Split WWII Refugee Tales: A Diary for Puse

Total Croatia News

A new weekly feature in our The Croatian Diaspora section starts today, January 14, 2016. Split WWII Refugee Tales: A Diary for Puse.

The TCN inbox is a fascinating place to be, and we are really humbled at the number (and quantity) of great Croatian stories you have been sending from Croatian communities around the globe. Among the most intruiging was this one from Manuela in Italy:

“Ciao Paul,

this is a story about Croatia and Italy, a matrioska of female stories starting in 1919, still echoing.

I came across your blog via Facebook, and I decided I would give this story a try by writing to you. First of all, please excuse my English, and excuse me for taking your time to read this email.

Good: apologies made, here is the story: my name is Manuela, 45, I live in southern Italy (Bari), daughter of a WWII refugee from Split, grand-grand daughter of Vinka Sperac Bulic (http://www.domine.hr/?lang=hr&index=111). Dalmatia-addict and uvala Basina wannabe resident.

Reading your blog soothes my islandsickness and intensifies envy  ðŸ™‚

The story is about a diary that my grand-grandmother Vinka wrote for her daughter Jelka (Puse),

This diary covers the years from her birth, in 1919, to 1953 when Jelka and her family had moved to Bari, Italy, due to WWII.  The document was given to my mother, who in time translated it into Italian and edited it to be a book, published this year.

The “try” I would like to give to this family “saga” is to make it known in/to Croatia. It is a family tale, it is an historic tableau of Split at that time, it is well written and, well, in my most humble opinion it deserves a chance.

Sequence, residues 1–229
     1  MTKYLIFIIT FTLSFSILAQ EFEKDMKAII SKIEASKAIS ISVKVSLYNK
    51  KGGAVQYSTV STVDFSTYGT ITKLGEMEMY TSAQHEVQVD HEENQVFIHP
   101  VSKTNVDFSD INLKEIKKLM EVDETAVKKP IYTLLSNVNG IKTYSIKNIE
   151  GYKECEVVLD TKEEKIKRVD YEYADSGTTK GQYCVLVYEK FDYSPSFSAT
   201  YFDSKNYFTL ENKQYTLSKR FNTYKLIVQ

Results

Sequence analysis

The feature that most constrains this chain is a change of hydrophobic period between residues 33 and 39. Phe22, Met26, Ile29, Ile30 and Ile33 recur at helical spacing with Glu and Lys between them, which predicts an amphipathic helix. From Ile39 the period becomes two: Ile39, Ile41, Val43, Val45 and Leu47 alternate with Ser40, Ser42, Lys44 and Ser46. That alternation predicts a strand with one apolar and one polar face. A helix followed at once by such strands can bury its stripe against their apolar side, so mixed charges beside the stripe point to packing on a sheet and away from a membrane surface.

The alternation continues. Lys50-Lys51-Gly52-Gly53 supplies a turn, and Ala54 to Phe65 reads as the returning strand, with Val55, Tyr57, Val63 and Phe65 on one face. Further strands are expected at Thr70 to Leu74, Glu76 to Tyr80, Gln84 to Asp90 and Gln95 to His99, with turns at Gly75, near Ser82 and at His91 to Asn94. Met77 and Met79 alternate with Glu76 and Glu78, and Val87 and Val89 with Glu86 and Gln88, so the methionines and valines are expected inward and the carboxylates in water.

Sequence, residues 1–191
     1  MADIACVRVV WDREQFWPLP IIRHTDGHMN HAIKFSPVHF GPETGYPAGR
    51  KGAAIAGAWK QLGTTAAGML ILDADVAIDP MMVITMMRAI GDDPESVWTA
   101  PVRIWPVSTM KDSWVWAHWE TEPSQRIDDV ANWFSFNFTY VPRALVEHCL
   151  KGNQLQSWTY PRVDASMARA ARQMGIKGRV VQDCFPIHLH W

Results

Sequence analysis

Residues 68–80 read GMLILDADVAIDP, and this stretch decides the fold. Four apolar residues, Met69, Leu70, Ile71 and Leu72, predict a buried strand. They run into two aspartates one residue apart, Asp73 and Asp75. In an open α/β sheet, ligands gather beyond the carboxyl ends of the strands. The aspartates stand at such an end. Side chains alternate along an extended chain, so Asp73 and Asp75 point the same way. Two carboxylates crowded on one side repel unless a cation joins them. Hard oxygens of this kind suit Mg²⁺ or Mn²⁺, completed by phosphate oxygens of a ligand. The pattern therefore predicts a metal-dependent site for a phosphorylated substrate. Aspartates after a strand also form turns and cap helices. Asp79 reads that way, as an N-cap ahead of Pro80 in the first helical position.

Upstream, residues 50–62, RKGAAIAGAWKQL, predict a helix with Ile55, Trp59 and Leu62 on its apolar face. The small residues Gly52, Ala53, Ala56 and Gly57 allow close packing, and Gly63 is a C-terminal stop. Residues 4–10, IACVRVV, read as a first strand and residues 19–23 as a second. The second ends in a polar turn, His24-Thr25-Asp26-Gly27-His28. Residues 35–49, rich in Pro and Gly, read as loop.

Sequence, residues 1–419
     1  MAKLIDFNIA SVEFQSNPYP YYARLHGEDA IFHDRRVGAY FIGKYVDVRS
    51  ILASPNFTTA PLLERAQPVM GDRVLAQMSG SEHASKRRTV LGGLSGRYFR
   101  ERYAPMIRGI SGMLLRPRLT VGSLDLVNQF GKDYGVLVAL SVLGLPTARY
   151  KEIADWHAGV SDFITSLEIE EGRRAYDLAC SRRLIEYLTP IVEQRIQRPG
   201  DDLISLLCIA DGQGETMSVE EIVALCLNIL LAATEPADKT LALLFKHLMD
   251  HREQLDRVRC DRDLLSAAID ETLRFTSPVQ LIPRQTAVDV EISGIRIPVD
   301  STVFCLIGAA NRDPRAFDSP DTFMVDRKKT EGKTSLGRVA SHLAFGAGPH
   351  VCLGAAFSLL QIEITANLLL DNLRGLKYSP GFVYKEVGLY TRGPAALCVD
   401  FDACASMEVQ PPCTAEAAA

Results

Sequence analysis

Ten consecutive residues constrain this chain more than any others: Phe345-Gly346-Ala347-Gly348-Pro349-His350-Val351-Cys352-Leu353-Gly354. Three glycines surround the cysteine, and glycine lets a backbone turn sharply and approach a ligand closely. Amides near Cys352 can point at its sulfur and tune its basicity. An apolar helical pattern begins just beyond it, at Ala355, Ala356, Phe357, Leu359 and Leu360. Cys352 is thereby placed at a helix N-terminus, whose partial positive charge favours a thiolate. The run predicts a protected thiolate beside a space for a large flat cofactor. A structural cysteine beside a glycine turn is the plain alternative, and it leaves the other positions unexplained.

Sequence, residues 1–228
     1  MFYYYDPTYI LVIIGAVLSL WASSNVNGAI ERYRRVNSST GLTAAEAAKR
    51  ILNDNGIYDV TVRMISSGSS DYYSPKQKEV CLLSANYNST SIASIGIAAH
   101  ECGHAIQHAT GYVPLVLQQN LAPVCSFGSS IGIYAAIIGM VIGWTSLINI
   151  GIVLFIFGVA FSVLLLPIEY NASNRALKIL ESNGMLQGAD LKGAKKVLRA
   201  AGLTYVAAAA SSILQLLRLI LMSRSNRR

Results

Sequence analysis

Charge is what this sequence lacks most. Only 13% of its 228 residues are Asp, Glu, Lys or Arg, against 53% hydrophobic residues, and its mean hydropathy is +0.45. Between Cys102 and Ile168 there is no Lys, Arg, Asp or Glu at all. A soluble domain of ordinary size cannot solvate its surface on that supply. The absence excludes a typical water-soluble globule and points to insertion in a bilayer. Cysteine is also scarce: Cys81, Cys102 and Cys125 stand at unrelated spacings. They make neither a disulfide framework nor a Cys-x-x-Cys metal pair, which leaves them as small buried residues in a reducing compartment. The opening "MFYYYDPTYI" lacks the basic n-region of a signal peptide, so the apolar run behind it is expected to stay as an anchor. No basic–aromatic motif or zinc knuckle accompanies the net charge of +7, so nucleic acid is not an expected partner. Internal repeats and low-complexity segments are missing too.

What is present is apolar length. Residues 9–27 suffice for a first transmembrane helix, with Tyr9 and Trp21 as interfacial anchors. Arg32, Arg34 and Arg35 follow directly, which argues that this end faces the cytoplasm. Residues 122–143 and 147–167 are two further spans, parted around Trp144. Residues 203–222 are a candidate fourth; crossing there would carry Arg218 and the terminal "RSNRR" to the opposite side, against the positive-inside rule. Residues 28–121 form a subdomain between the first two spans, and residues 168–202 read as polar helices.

I would love to send you some excerpts (in Croatian), may Idisturb you this much? (I consider “No” a possible answer, don’t worry.)

Part of my roots are Croatian, and whenever I can I try and keep them alive by watering them with Jadransko more, having chosen Jelsa as my summer buon retiro. They say blood is thicker than water: in my case, its salty water.

Hvala puno for your time, really.

Best regards,


The diary is a beautiful story, and we thought it would fit perfectly in our new feature, The Croatian Diaspora, and so we will be serialising it weekly in a special section called Split World War II: A Diary for Puse. Many thanks to Ivana Zupan for translating. 

Copyright with the author obviously, and Manuela would be interested in finding a publisher in Croatian, so contact TCN on [email protected] for more information. 

Part I.

– “The Story of Puse” told by her mother Vinka Šperac Bulić is a story about a family from Central Europe in the period between 1919 and 1953.

Vinka comes from a family of well-known intellectuals from the town Solin. She is a self-taught lady with an encyclopaedic knowledge, a journalist and a feminist ante litteram, an assistant to the priest and archaeologist Father Frane Bulić (ungle of her husband), the curator of the Archaeological Museum in Split, who discovered the Roman ruins in Salona.

Her husband Mate Bulić, a Commissioner of the Ban authorities in Split, a kind of administrative manager of the province, completely dedicated to his work, which is why he is rarely mentioned in the diary..